New Booze Round-up #13: Beer & art, beer & TV, beer & whisky…

For this round we’ve been sent four beers that are worthy of a write up and something extra special to get us in the mood for Christmas…

English whisky company beer

St Peter’s Whisky Beer, 4.8%

Nose around a tourist shop in Scotland and you’ll probably spy all kinds of consumables flavoured with whisky. Whisky fudge. Whisky cheese. Whisky chocolate. In most cases these will be perfectly good products that have been tainted by the taste of whisky. In theory, beer flavoured with whisky should be much more of a successful product as both start out in the same way – by fermenting malted barley – but in practice we’ve rarely had a good whisky beer.

When St Peter’s brewery got in touch about their new whisky beer, brewed in collaboration with The English Whisky Company, we had a hunch that it might turn out better. Their beers are usually excellent and they’re adept at sympathetically introducing other ingredients into the mix. They sent us a brace of bottles and our hunch proved to be correct.

The beer itself is golden, with peaty malt that gives it a smoky aroma and flavour that is reminiscent of German rauchbiers, providing the perfect foil for the measure of whisky that gives it an extra snap. There’s a slight sweetness to the malty body and subtle bittering that maintains its beery profile without competing with the whisky. Unlike some whisky cheese we’ve had the misfortune of eating this is a product in which two different flavours work perfectly in harmony with each other.

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Sadlers Peaky Blinder Lager Review

Sadler’s Peaky Blinder Lager, 4.1%

Around our way, Sadler’s flies a little under the radar. Some of the brewery’s products occasionally pop up in discount supermarkets but we hardly see it otherwise. Which is a shame because they’re a reliable brewer with a wide range of quality beers.

As if to remind us of their existence they sent us a pack of their newly canned Peaky Blinder Lager, named after the TV-popularised gang from the same Midlands heartland as the brewery. Grumpy, peaked-cap wearing ruffians may not make the most attractive visual feature for a can of beer, but it obviously helps market the product and, thankfully, the contents are much more pleasant.

There’s a good lager maltiness to this beer, with the flavour of the grains coming through and a light daubing of lemon peel and peppery hay to give it more interest and depth. It’s the kind of lager we might describe as ‘solid’ – one to load the fridge with, possessing enough flavour to be instantly rewarding, but also fuss-free allowing to drink without thinking. A perfect lager for drinking in front of the TV.

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Camden Harvest Hells Lager Review

Camden Town Brewery, Harvest Hells, 4.6%

We do like a drink of Camden lager. Their consistently excellent Hells must be close to reaching ‘classic beer’ status and its spin-offs are usually simple, classy affairs that tend to slip down a treat. The press release for their latest offering began with a succinct line to whet our appetites: “Move over summer, Autumn is here and so is Camden Town Brewery’s brand new beer, Harvest Hells.” So we called in a four pack which disappeared in a flash.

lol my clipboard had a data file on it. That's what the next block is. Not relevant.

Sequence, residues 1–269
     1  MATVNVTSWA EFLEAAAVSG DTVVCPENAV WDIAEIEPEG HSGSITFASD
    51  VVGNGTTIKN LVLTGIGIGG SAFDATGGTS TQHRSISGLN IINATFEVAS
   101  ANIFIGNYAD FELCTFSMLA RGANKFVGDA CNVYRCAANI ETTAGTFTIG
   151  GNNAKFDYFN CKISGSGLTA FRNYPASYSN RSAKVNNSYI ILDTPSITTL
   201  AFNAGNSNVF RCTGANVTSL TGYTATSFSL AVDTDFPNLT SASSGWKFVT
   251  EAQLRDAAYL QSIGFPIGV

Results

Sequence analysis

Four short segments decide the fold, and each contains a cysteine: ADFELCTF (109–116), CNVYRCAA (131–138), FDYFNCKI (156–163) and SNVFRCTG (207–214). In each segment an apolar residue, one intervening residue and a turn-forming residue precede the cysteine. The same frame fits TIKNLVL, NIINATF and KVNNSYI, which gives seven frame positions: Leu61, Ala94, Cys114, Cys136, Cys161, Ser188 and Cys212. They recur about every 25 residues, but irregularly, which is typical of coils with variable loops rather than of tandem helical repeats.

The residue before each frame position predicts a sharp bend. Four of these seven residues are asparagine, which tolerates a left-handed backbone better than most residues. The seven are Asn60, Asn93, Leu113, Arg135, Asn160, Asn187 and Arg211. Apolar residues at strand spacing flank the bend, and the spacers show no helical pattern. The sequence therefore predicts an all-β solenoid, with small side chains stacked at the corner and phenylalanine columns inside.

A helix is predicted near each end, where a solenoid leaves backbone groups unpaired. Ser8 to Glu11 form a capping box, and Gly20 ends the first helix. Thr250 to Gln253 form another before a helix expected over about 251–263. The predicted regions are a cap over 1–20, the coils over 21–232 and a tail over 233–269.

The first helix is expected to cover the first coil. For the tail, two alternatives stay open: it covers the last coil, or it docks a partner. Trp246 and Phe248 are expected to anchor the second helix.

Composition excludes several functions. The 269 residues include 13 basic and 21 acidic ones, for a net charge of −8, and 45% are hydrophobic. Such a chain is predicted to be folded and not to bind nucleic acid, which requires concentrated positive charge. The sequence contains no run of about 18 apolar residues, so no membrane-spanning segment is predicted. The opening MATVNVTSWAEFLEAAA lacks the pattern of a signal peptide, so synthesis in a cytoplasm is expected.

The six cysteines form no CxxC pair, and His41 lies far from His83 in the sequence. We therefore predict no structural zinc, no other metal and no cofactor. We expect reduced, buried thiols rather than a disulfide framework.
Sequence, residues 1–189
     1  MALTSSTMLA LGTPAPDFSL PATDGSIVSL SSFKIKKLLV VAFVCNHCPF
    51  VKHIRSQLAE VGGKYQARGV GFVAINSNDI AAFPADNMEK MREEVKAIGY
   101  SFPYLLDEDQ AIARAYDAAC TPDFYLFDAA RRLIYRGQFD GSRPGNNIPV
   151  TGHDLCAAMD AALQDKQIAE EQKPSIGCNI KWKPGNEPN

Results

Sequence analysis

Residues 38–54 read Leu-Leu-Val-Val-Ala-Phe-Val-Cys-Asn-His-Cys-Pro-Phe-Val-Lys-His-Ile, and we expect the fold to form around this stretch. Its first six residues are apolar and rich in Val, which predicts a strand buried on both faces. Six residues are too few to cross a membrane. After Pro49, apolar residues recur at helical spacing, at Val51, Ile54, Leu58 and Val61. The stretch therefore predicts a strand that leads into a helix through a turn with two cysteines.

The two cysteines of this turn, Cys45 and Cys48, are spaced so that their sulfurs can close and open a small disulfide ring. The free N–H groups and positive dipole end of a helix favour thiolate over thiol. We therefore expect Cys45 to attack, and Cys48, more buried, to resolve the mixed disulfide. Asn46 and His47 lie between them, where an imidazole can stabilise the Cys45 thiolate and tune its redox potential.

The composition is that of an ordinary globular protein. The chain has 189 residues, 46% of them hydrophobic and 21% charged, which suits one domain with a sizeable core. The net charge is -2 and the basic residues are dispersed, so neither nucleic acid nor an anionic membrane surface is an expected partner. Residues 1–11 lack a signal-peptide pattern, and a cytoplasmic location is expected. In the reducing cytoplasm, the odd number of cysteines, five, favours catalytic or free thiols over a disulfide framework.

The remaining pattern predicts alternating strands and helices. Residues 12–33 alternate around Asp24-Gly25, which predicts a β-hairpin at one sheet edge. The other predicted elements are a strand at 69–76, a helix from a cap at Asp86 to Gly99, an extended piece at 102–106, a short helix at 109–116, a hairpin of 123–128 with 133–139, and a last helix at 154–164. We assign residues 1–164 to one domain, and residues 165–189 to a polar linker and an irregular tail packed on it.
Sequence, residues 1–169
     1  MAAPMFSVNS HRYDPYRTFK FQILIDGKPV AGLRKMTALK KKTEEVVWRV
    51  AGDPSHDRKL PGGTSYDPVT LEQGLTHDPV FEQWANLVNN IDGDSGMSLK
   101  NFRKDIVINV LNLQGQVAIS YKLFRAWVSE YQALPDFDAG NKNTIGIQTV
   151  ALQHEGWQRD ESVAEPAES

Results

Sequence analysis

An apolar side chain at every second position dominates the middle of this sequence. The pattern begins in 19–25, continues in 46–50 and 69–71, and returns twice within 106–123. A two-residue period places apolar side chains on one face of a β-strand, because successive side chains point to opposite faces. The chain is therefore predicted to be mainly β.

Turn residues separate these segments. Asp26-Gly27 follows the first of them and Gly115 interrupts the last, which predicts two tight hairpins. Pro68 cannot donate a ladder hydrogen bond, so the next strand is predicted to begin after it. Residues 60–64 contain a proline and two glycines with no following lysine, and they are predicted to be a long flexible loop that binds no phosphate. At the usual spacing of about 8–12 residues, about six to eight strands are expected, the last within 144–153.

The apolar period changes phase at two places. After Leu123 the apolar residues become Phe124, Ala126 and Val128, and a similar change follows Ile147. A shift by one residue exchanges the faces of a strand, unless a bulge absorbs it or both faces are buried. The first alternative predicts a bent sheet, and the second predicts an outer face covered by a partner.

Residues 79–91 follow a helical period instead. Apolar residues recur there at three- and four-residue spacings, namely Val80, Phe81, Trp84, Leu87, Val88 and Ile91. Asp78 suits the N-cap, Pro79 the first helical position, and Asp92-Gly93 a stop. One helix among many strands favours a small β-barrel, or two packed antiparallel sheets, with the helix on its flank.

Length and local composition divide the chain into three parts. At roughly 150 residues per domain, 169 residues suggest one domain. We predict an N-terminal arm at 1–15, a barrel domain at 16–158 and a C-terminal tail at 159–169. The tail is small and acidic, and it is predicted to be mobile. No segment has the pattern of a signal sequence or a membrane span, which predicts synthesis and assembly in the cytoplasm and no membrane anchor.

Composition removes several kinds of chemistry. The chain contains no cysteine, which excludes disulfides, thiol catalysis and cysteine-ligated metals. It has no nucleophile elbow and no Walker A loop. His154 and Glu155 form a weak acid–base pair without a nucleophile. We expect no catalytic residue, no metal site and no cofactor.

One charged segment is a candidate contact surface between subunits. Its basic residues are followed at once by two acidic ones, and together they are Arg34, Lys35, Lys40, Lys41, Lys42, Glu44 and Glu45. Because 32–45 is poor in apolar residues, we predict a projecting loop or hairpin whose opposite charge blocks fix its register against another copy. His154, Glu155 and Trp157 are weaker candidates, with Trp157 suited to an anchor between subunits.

The first can was enjoyed by Nick after a long afternoon of Autumnal garden toil, and it perfectly suited the moment: all the clean and refreshing flavour of a good lager but with a richer malt that aptly suited the season’s fading sunlight hours. And we don’t think there’s more we need to add: it’s a perfect lager in keeping with the Camden range.

Available from Sainsburys and Marks & Spencer for a limited period

Elemental Cucumis Sativus

Fourpure x Toast x Tate, Elemental Cucumis Sativus, 6%

An art gallery may not immediately spring to mind when you’re thinking of a place for a decent beer, but London’s Tate Modern gallery treats its booze as works of art and has a tap room teeming with glorious beer. They even hold a monthly tap takeover with brewers showing off their beer-making artistry over the course of an evening.

To further promote this beer and art partnership the Tate has teamed up with breweries Fourpure and Toast to produce Elemental, a sour beer with the refreshing flavours of cucumber. Using bread that would otherwise go to waste (that’s where the Toast team come in) it’s an environmentally conscious brew too. We found it instantly enjoyable, with the sourness being restrained just enough to allow other light, sweet floral notes to emerge along with the cooling flavours provided by the addition of cucumbers. A beer for arty environmentalists or anyone else with a thirst to quench.

Find out more about Tate Modern’s Tap Takeover here

Really Good Whisky Advent Calendar

24 drams of quality whisky tucked inside an advent calendar. We liked this so much that we’ve given it a separate review here.

The post New Booze Round-up #13: Beer & art, beer & TV, beer & whisky… appeared first on Two Thirsty Gardeners.


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